Erythromycin degradation by an esterase in enzymatic membrane reactors

Conference Dates

June 19-24, 2016


1 Introduction

Pharmaceuticals products (PPs) and endocrine disrupting chemicals (EDCs) as well as their transformation products have been detected in almost all effluents from sewage facilities, in surface water, in groundwater, adsorbed on sediments and even in drinking water [1,2]. Ecotoxicity studies have demonstrated that pharmaceutical pollutants could affect the growth, reproduction and behavior of birds, fishes, invertebrates, plants and bacteria [3,4]. Some recently published studies report that the presence of low concentrations of antibiotics in the wastewaters may develop antibiotic resistance in the whole environment [5, 6]. As previously reported by Demarche et al. [7], the use of enzymes might be beneficial to enhance or complement conventional wastewater treatments. As far as enzymes are relatively expensive the reuse of the biocatalyst appears to be essential to ensure the economic and industrial viability of the process. Enzymatic membrane reactors appear to be an interesting alternative since they enable to couple reaction and separation [8]. In fact, in such enzymatic reactors, the substrate is continuously brought in contact with the biocatalyst, which is retained by the membrane, either freely circulating with the retentate or fixed on or within the membrane and the reaction products are recovered in the permeate.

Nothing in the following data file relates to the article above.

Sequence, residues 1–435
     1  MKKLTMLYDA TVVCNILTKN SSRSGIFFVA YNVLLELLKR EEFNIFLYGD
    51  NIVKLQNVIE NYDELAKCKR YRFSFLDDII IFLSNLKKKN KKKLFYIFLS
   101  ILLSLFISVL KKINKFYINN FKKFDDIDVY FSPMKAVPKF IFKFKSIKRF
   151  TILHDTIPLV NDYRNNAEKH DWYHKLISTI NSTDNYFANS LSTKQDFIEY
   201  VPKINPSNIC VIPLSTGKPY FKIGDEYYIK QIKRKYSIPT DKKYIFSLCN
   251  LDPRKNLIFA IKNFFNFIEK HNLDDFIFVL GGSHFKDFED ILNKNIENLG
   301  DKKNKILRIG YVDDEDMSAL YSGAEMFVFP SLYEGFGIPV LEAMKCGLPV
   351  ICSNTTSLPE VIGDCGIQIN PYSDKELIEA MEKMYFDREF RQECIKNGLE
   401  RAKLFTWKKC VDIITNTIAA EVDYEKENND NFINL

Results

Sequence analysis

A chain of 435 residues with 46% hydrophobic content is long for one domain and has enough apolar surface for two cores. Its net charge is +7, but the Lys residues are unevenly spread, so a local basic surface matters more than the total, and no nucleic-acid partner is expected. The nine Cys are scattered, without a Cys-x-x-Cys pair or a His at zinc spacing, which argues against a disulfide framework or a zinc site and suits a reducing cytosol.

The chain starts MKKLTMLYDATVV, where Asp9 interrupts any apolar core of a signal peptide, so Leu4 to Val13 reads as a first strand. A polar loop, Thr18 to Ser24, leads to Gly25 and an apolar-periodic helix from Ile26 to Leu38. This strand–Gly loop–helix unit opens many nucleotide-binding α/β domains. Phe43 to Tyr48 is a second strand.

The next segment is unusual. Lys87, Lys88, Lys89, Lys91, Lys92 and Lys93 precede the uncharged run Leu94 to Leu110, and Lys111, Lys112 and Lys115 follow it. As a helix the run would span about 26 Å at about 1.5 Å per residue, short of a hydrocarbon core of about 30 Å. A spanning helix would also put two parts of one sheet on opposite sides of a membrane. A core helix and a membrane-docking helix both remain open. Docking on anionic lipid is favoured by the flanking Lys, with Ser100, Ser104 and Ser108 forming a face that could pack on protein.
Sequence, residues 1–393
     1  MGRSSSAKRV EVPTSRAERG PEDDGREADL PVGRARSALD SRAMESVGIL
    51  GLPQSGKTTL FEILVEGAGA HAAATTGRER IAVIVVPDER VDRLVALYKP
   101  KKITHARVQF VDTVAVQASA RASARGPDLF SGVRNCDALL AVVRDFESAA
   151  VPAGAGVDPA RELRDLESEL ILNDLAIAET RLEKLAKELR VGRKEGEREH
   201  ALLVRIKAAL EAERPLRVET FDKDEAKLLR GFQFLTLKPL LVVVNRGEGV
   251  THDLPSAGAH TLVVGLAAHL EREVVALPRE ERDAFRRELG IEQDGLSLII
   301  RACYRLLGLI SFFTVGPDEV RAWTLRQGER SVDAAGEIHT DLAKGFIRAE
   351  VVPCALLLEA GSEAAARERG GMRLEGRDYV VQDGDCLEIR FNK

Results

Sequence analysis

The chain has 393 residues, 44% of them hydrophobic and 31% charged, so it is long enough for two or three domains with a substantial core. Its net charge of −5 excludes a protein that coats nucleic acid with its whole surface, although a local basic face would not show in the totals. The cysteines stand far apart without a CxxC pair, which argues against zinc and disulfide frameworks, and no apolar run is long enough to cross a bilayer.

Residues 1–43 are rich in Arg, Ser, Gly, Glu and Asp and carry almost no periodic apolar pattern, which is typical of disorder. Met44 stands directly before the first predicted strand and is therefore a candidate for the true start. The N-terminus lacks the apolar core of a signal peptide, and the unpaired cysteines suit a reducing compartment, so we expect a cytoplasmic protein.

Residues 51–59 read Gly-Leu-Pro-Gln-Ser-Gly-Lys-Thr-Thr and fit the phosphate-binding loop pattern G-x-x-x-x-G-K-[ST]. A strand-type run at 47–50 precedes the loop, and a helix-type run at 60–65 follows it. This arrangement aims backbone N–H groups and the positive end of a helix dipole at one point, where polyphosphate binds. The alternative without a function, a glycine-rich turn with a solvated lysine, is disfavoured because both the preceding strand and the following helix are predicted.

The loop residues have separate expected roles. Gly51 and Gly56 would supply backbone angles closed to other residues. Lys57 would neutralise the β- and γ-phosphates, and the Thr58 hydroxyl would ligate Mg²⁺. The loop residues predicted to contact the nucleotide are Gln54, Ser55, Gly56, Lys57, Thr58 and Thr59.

This work describes the study of erythromycin degradation by an EreB esterase in free and immobilized forms. It focuses on the comparison between 3 different enzymatic membrane reactors for erythromycin degradation by esterase EreB. In the first configuration the free biocatalyst was confined in the reaction media by a ceramic membrane. In the two other cases, the enzyme was immobilized in the membrane either covalently grafted or adsorbed.

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